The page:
Toppling of statue of the Queen in Canada condemned by No 10

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The toppling of a statue of the Queen during protests in Canada over the discovery of unmarked graves of indigenous children has been condemned by Downing Street.

A statue of Queen Victoria was also pulled down during demonstrations in Winnipeg on Thursday amid growing anger over Canada’s notorious residential schools.

Some 150,000 indigenous children were sent to the institutions up to 1996, having opened in 1867, during Victoria’s reign. Many were subjected to cruel conditions under the policy of forced assimilation.

Anger has spread after the remains of hundreds of children were found at unmarked graves at former residential schools.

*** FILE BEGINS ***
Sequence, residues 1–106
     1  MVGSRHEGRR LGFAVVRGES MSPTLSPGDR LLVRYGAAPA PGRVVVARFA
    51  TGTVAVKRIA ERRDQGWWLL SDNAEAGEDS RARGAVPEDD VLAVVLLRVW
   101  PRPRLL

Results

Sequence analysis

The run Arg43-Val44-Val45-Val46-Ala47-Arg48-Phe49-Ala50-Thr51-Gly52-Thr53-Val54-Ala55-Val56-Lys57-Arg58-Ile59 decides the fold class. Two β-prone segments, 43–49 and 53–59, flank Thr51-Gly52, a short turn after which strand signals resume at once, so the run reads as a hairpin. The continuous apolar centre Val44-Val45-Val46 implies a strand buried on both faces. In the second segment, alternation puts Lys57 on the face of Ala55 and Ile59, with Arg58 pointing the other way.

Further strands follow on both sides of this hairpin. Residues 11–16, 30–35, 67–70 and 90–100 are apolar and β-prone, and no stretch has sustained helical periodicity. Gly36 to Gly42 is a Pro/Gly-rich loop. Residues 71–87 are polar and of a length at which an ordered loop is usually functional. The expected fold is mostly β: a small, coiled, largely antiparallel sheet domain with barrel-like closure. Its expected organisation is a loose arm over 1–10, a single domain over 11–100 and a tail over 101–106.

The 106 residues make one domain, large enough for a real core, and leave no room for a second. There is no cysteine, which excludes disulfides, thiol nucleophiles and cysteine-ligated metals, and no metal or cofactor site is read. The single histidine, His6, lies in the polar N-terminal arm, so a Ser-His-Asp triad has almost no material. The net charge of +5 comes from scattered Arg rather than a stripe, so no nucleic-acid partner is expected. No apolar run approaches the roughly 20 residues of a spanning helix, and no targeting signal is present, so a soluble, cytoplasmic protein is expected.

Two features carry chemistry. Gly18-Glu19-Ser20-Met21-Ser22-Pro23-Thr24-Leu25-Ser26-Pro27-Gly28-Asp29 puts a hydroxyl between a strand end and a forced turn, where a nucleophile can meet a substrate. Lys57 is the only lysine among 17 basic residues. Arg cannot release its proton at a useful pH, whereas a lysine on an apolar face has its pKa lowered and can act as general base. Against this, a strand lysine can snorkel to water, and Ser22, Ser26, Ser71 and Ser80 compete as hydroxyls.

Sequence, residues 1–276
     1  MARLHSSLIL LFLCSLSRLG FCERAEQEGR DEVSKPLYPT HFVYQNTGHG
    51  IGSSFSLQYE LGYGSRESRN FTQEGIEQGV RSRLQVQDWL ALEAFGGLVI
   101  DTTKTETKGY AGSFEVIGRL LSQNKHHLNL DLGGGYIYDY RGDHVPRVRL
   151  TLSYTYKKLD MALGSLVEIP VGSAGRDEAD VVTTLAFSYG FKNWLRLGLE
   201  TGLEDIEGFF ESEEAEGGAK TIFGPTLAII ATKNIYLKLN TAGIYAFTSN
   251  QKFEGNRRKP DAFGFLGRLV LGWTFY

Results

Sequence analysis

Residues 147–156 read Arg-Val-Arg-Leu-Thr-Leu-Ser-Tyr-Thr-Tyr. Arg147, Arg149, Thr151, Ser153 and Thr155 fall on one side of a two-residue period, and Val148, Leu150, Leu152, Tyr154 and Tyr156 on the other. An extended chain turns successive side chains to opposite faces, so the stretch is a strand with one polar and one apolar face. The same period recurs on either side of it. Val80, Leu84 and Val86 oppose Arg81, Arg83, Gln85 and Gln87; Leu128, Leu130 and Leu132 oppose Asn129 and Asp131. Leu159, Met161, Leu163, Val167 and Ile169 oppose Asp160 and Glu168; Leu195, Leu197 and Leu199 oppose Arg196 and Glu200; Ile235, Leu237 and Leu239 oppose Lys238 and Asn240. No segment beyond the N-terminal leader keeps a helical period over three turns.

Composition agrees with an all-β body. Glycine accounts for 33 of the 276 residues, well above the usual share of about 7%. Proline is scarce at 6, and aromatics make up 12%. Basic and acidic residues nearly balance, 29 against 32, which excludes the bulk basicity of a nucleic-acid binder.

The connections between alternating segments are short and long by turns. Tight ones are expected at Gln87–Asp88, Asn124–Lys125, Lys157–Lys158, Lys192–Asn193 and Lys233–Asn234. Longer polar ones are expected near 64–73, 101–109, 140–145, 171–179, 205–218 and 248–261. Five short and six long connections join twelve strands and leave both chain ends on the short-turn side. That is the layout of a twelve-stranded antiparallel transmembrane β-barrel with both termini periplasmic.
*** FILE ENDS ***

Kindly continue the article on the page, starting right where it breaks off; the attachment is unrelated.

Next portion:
A No 10 spokesman said: “We obviously condemn any defacing of statues of the Queen.

“Our thoughts are with Canada’s indigenous community following these tragic discoveries and we follow these issues closely and continue to engage with the Government of Canada with indigenous matters.”

Protesters cheered as the statue was brought down in Manitoba’s capital, amid cries of “No pride in genocide” and “Bring her down”.

Some stood on the statue’s empty plinth waving flags, while others covered the base in red handprints.

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